Market news

Mid-Day Market Report

 Market Action


  • US:  Dow: 12831.69 (-0.33%), S&P 500: 1345.10 (-0.49%), NASDAQ: 2919.38 (-0.40%)
  • Europe: CAC: 3375.64 (-0.26%), DAX: 6728.19 (-0.15%), FTSE: 5899.87 (-0.10%).
  • Asia: China: 2344.77 (-0.30%), Hong Kong: 20917.83 (0.15%), India: 5417.95 (0.51%), Japan: 9052.07 (0.58%)
  • Metals: Gold: 1716.00 (-0.52%), Silver: 33.33 (-1.16%), Copper: 3.81 (-0.89%)
  • Energy: Crude Oil: 100.41 (-0.50%), Natural Gas: 2.53 (3.99%)
  • Commodities: Corn: 6.35 (-0.70%), Soya Bean: 12.59 (0.52%), Wheat: 6.38 (-0.58%)
  • Currency: EUR/USD: 1.3110 (-0.5767%), GBP/USD: 1.5673 (-0.5940%), USD/JPY: 78.4435 (1.1235%)
  • 10 year US Treasury: 1.924% (-0.050)


Market News Update


Wall Street dips: U.S. stocks retreated Tuesday afternoon as Wall Street’s economic and eurozone concerns were renewed by a weaker-than-expected retail sales report and the cancellation of a key meeting on the Greek bailout. As of 1:05 p.m. ET, the Dow Jones Industrial Average fell 53.44 points, or 0.42%, to 12820.76, the Standard & Poor’s 500 slipped 7.22 points, or 0.53%, to 1344.54 and the NASDAQ Composite declined 15.56 points, or 0.53%, to 2915.84.



Retail sales weaker than expected: U.S. retail sales rose less than expected in January as consumers cut back on car purchases and did less online shopping, while import prices, particularly in energy, pushed higher.




Italy, Spain debt cost falls to lowest level in almost a year: Italy’s three-year borrowing costs hit their lowest since March at an auction on Tuesday, with an overnight sovereign rating cut having little impact as cheap ECB loans continued to support demand and ease its path towards an ambitious refinancing goal. Spain, also caught by Moody’s downgrade of six euro zone states, and Belgium each saw their cost of funds fall further at bill sales on Tuesday, while even Greece, seen at risk of a chaotic default next month, managed to place three-month paper.



Oil declines: Oil declined in New York, reversing an earlier advance of 0.9 percent. Oil for March delivery fell 27 cents, or 0.3 percent, to $100.64 a barrel at 1:02 p.m. on the New York Mercantile Exchange. Earlier the contract climbed to $101.84, the highest price since Jan. 19.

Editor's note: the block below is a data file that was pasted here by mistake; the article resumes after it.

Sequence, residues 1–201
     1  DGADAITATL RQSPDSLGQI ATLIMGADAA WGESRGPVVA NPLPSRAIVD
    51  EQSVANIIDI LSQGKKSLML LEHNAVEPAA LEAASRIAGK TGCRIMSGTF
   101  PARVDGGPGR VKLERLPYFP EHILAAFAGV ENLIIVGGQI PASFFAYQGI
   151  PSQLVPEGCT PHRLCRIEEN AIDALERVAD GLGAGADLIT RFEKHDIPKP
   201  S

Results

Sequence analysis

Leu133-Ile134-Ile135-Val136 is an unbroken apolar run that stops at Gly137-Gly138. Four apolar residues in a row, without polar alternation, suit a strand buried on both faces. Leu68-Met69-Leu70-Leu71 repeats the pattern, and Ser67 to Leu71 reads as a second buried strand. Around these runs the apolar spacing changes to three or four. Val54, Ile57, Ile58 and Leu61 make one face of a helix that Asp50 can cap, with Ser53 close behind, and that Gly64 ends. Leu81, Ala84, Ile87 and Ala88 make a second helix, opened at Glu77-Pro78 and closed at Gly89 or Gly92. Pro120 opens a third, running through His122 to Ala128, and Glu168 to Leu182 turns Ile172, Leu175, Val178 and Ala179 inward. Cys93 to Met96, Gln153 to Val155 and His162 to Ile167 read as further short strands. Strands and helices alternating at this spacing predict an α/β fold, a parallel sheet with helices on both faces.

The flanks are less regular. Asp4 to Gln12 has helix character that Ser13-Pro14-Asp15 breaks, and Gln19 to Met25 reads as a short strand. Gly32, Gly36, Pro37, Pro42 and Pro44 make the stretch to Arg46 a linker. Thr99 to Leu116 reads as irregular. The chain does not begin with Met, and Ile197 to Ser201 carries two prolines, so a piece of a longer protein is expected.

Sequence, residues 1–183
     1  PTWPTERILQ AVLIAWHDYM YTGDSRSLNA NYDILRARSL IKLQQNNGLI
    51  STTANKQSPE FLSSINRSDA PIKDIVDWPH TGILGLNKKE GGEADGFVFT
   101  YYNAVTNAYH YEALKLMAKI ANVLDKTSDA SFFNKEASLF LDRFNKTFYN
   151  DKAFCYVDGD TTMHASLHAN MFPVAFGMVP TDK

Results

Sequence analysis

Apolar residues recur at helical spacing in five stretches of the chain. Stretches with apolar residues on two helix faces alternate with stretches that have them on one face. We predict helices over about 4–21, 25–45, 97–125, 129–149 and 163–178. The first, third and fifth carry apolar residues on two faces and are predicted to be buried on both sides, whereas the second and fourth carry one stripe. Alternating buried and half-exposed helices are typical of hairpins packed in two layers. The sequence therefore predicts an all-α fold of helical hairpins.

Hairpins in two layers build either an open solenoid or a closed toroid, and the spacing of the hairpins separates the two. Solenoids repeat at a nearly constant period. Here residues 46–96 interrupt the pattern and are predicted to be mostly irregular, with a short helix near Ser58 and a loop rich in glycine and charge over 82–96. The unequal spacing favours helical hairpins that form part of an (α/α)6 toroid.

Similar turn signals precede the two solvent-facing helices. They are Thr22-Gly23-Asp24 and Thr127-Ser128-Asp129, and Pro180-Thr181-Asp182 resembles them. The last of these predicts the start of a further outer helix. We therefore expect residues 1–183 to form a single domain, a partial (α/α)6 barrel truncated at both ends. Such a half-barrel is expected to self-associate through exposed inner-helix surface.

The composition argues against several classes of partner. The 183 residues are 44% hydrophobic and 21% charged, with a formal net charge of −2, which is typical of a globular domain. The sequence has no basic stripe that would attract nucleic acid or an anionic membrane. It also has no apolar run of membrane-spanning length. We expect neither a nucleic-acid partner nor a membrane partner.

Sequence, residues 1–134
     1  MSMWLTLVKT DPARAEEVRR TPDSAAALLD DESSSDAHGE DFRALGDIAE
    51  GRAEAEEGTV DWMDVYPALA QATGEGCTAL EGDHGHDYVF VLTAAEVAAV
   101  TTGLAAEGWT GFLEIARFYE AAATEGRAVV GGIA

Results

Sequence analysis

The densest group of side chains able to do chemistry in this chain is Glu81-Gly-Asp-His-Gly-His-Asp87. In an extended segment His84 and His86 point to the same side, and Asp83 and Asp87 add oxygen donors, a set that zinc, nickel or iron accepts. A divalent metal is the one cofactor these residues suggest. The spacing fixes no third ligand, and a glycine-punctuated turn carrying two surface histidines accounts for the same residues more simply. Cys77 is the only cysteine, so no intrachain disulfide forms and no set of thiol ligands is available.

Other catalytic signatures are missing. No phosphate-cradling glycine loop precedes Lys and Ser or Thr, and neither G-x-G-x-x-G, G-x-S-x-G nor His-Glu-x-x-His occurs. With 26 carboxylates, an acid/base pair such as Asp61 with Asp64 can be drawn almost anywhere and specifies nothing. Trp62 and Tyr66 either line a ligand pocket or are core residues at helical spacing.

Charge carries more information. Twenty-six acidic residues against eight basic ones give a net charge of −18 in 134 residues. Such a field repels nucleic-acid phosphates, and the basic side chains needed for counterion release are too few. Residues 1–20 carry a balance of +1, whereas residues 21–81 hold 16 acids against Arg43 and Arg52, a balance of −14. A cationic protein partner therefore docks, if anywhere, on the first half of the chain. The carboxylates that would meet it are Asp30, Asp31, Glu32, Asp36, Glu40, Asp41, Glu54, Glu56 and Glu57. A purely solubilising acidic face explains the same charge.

Company News Update


  • Bank of America (BAC) dropped 3% after being downgraded to “neutral” from “buy” by analysts at Citigroup amid concerns about earnings headwinds.
  • Goodyear (GT) notched its first annual profit in four years, but the tire maker’s fourth-quarter non-GAAP profit of 3 cents a share badly missed Wall Street’s expectations for 20 cents. Revenue rose 12% to $5.7 billion, trailing forecasts for $5.88 billion.
  • Apple (AAPL) is testing a new tablet device that will feature a smaller, 8-inch screen as the consumer electronics maker looks to capture market share, The Wall Street Journal reported. It’s not clear what the new device would be called. Apple is also preparing to unveil in March the iPad 3, which will feature a higher resolution screen as its predecessor, the paper reported.
  • Boeing (BA) on Tuesday landed its biggest-ever commercial jet order valued at about $22.4 billion with Lion Air, as demand for its more fuel-efficient aircraft continues to surge. Indonesia’s largest carrier by passenger volume ordered 230 planes, including 201 of Boeing’s latest passenger jet still in development, 737 MAX, and 29 next-generation 737-900 ERs.
  • Watchmaker Fossil (FOSL) reported a much stronger-than-expected fourth-quarter profit on sharply higher watch sales in North America and an increased presence in Asia.
  • Shares of Michael Kors (KORS) popped after the fashion label posted better-than-expected fiscal third-quarter earnings and revenue, and also issued upbeat guidance for the fourth quarter.
  • Masco (MAS) shares plunged after the home improvement and building products maker reported a narrower quarterly loss, but missed analysts’ expectations.